Tuesday, February 12, 2013

Renting Vs. Buying: What No One Tells You About The Costs of Home Ownership

This subject has been done to death. Search anywhere on the internets and you can probably find a list of pros and cons for renting vs. buying. However, considering I have now been a homeowner for about 3.5 years and I was a renter for 3.5 years, I feel like I have a balanced view on the subject. For starters, I am not pro-owning (I am not con-owning either- to each their own! I am just trying to remain objective here). I actually firmly believe there are a lot of benefits to renting such as:
  • Stable payments
  • Worry-free, low maintenance living
  • Chance to live in different areas of town
  • More affordable in some areas
  • Low commitment
I jumped into home ownership overnight (literally- please see this post). I was 23 and I decided one day to buy a condo, and within two weeks I had bought one! It was crazy and 100% not a bright idea. I love love love my condo now, but it was basically a really tough transition for me. With a lot of people my age looking into buying, I thought I would do a quick write up of the realities of home ownership and why it is not necessarily better than renting.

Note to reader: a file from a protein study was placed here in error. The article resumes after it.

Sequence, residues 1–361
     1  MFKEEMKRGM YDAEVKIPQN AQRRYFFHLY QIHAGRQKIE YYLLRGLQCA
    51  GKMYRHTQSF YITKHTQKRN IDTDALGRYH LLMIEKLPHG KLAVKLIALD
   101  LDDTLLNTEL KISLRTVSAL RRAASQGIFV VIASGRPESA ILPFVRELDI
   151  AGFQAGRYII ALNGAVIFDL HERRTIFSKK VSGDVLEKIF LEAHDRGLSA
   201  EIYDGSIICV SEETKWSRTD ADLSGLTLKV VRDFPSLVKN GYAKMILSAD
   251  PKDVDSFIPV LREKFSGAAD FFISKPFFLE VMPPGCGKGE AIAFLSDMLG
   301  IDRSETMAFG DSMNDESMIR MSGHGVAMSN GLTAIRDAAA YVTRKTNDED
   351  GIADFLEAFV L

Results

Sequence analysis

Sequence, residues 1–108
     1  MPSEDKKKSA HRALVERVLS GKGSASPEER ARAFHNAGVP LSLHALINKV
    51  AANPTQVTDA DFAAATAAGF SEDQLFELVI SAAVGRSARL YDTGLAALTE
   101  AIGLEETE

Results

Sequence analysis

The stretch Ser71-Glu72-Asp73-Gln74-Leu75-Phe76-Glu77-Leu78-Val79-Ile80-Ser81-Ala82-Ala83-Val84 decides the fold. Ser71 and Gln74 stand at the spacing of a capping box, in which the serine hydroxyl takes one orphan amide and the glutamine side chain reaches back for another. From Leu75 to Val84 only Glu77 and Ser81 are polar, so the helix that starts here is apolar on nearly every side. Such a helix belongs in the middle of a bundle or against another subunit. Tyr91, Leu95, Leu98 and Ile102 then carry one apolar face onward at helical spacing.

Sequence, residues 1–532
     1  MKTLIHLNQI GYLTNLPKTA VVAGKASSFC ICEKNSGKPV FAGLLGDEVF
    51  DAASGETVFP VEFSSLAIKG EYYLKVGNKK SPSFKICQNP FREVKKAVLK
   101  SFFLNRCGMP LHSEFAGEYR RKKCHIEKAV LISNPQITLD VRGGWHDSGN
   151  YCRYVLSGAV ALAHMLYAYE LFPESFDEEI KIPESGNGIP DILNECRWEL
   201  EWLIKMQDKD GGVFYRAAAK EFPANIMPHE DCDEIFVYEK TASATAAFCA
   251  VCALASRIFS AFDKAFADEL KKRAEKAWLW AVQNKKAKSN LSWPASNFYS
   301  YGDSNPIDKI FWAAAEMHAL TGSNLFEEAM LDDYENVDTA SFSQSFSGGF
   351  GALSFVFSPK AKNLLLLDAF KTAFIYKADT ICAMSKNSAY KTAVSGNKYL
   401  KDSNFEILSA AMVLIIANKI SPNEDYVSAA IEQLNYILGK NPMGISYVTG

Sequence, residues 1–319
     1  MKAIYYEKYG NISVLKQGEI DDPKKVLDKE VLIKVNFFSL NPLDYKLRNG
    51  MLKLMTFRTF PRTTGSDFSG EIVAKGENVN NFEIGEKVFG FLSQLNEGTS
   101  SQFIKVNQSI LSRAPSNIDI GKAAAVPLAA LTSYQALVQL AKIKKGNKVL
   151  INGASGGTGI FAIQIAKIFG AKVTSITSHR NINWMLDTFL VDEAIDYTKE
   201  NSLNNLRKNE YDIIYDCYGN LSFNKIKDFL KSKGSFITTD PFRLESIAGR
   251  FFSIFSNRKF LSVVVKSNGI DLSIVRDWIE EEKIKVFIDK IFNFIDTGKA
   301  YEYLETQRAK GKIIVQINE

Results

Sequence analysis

1. It Is Expensive
Probably more expensive than you think! First you have your closing costs, and then you need to start paying mortgage payments, maintenance fees, property taxes, hydro, and general maintenance of your space! There are also a lot of unexpected costs. For instance, because my condo was a relatively new build (I am the second owner) the property taxes hadn't been assessed yet. The seller's portion of expected taxes was taken off the sale price, so I didn't exactly get a wad of cash for them. And then when the back taxes were owed, I ended up paying owing about $500 a month for 6 months. That means 68% of my income was going to my mortgage, maintenance fees, taxes, and hydro. SIXTY EIGHT PERCENT! Once it was paid off, I ended up owing no taxes for a year because I overpaid (it is through my mortgage company and they only reassess every 6 months). Even still, I was spending around 50% of my income on just living costs. Insanity! Luckily I have a much higher income now, but it is still shocking that I survived that time without going into debt!